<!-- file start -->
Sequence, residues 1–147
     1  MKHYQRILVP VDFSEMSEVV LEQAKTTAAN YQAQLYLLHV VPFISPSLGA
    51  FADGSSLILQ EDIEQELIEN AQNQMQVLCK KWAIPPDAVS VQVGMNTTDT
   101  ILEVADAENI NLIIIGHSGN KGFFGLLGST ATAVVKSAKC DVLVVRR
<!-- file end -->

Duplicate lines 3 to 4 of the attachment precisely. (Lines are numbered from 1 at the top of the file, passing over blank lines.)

    51  FADGSSLILQ EDIEQELIEN AQNQMQVLCK KWAIPPDAVS VQVGMNTTDT
   101  ILEVADAENI NLIIIGHSGN KGFFGLLGST ATAVVKSAKC DVLVVRR